BR: Solomon and Sheba (1959)

June 3, 2015 | By

 

SolomonAndSheba1959_BRFilm: Good

Transfer:  Excellent

Extras: Good

Label: Twilight Time

Region: All

Released:  March 10, 2015

Genre:  Biblical Epic

Synopsis: King Solomon is lured by lusty Queen Sheba while his brother Adonijah plots to reclaim the throne of Israel with the Pharaoh’s mighty army.

Special Features:  Isolated Mono Music & Effects Track / 2 Theatrical Trailers / 8-page colour booklet with liner notes by film historian Julie Kirgo / Limited to 3000 copies / Available exclusively from Screen Archives Entertainment. 


 

Review:

After a steady stream of films, screen star Tyrone Power had his eyes on producing his own biblical epic, given the genre had become a mainstay in cinemas with widescreen formats and stereophonic sound – perfect for exploiting sprawling vistas, rich colours, and lavish romantic soundtracks that bridged classic tales of romance and tragedy with modern audiences.

The genre had always existed in Hollywood since the silent era, but during the fifties it seemed like the perfect venue to reassure war-traumatized audiences that the human spirit always triumphed over greed, betrayal, and wayward lust – the latter an element often de rigueur in the works of historic epic pioneer Cecil B. De Mille whose logic was sublime: as long as nudity (direct or implied), illicit romances, or raunchy behaviour was taken from interpretations of translations from supposedly sacred texts as recorded by someone of a supposed authority, who could say it was exploitation?

The genre had its share f peaks and valleys, and the tale of Solomon and Sheba was an ideal candidate for the big screen: Israel’s king is smitten by a hussy who betrays him for Egypt’s Pharaoh, but she comes around to a higher moral thinking, and after severe contrition, lives to serve a singular and less pagan god. It was almost classic De Mille, especially since the power of the throne was threatened by an older jealous brother willing to side with any power in order to rule what he felt was rightfully his.

Casting George Sanders as greedy brother Adonijah made sense, given the actor’s skill in coating malevolent characters with smarm and glee, whereas Power had shown he could go beyond the handsome leading male roles and portray flawed characters, especially those pushed to the limit of sanity. Gina Lollobrigida may have been awarded a more cartoonish version of a hussy, but certainly in her physical performance, every movement – walking, standing, staring, or nibbling flopping grapes from a jostling bunch – she fit the mold.

Power was reportedly halfway through filming when a duel staged with Sanders caused a heart attack, killing the gifted actor at the age of 44. The production clearly had to reach its intended completion – its massive visual scope and production values couldn’t be written off – so the decision was made to recast the film with Yul Brynner, himself a veteran of the De Mille epic having been one of the superb elements in The Ten Commandments (1956), the director’s own career swansong.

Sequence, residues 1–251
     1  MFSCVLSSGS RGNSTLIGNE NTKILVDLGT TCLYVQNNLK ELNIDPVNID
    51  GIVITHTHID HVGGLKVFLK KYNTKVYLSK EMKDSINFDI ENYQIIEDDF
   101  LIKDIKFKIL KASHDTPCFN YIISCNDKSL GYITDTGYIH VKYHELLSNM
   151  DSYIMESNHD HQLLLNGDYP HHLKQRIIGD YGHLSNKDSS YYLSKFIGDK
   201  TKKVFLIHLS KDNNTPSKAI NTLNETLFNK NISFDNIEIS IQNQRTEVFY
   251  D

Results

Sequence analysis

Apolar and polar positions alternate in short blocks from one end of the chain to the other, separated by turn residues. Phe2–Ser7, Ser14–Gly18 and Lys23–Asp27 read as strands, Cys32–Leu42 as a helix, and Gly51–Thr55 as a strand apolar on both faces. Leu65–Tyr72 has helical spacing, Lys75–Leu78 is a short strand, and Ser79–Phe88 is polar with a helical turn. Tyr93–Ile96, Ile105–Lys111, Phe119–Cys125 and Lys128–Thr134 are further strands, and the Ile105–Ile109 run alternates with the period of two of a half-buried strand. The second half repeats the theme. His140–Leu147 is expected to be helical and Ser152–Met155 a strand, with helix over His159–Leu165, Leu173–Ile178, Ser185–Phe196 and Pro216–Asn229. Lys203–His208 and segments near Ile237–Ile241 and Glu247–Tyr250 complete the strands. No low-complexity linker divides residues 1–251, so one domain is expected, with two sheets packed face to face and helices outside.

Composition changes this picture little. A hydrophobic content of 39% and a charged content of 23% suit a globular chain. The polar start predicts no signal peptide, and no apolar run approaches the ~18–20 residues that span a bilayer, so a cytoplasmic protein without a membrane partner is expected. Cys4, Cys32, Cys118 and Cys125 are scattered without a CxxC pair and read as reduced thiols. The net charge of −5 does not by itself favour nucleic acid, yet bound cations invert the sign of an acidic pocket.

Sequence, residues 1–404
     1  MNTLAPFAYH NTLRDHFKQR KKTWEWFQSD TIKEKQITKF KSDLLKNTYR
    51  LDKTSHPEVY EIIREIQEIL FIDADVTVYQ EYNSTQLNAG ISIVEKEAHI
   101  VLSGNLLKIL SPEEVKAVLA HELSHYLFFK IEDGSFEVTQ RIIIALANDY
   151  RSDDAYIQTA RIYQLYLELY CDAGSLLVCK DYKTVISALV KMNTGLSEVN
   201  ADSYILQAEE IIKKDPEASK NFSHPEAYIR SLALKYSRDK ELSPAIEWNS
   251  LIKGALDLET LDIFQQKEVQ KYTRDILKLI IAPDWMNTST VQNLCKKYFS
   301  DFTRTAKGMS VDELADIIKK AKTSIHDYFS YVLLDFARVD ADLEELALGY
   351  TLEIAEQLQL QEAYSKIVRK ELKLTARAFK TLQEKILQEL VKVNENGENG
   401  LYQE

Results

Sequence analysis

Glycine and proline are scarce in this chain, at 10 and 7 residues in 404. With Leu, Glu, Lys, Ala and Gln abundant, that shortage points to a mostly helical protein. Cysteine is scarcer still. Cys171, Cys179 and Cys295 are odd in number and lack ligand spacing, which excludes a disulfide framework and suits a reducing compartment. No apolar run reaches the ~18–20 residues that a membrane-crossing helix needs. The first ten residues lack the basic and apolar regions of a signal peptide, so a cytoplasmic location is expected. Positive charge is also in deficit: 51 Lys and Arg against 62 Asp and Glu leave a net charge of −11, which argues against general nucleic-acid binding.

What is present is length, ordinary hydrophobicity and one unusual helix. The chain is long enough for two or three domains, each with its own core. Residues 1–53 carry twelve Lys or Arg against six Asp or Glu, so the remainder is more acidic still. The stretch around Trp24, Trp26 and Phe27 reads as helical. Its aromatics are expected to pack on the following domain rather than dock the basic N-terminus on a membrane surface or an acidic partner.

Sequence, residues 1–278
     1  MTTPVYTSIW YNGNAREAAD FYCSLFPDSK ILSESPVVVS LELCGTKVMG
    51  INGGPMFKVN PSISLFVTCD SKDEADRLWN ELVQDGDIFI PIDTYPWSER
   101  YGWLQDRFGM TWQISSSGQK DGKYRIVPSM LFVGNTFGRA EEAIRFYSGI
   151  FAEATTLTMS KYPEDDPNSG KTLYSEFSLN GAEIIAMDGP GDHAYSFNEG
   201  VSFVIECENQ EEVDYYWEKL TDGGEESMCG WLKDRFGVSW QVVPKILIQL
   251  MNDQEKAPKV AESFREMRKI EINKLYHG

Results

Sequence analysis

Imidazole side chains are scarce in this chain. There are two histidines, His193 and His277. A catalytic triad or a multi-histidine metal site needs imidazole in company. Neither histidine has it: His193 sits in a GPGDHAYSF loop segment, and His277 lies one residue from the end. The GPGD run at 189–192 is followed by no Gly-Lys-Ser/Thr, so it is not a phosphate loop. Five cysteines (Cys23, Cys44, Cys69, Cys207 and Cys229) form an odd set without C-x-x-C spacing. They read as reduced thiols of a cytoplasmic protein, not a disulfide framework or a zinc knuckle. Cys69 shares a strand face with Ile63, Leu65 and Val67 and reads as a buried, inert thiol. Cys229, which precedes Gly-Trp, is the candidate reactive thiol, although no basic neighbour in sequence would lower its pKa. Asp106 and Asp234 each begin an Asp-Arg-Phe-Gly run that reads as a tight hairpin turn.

If these brief clips from rare surviving footage with Power is an indication, the script remained largely the same, with the Brynner footage inserted between the extant Power material – certainly a surreal salvage effort for any editor – and while Brynner is fine, and A / B comparison of select scenes shows very distinct interpretations of Solomon by two charismatic actors. Brynner’s introverted style relies on posturing, an authoritative voice, and steely eyes in various modes of concentration, whereas Power is more emotionally raw, unafraid to explode or writhe on camera.

It is a pity no effort has ever been made to create a reconstruction of a Power version, as a tribute to the actor’s final role, but then Solomon and Sheba is a critically maligned film, being one of the lesser epics due to a deadly dull script that spends far too much time with foreplay between the inevitable lovers, plus some really terrible dialogue, most of it spoken by Lollobrigida. (The judgment scene in which Sheba observes Solomon handling two women arguing over the lineage of a newborn is especially dull; Lollobrigida is part bored, part robotic in the way she mutters banal statements meant to compliment Solomon’s wisdom.)

The costumes, however, are stunning, making one suspicious the final publicity poster billing should’ve read ‘Brynner, Sanders, Lollobrigida, and her Heaving Bosom.’ Sheer fabrics, supportive mammary meshing, meticulous lighting, and specific edits capitalize on breasts and waistline, and one wonders whether the actress had fun with it, or was resigned to playing a one-dimensional temptress whose few dramatic scenes happen far towards the end (such as pleading for Solomon’s life to Jehovah, and being stoned by a mob).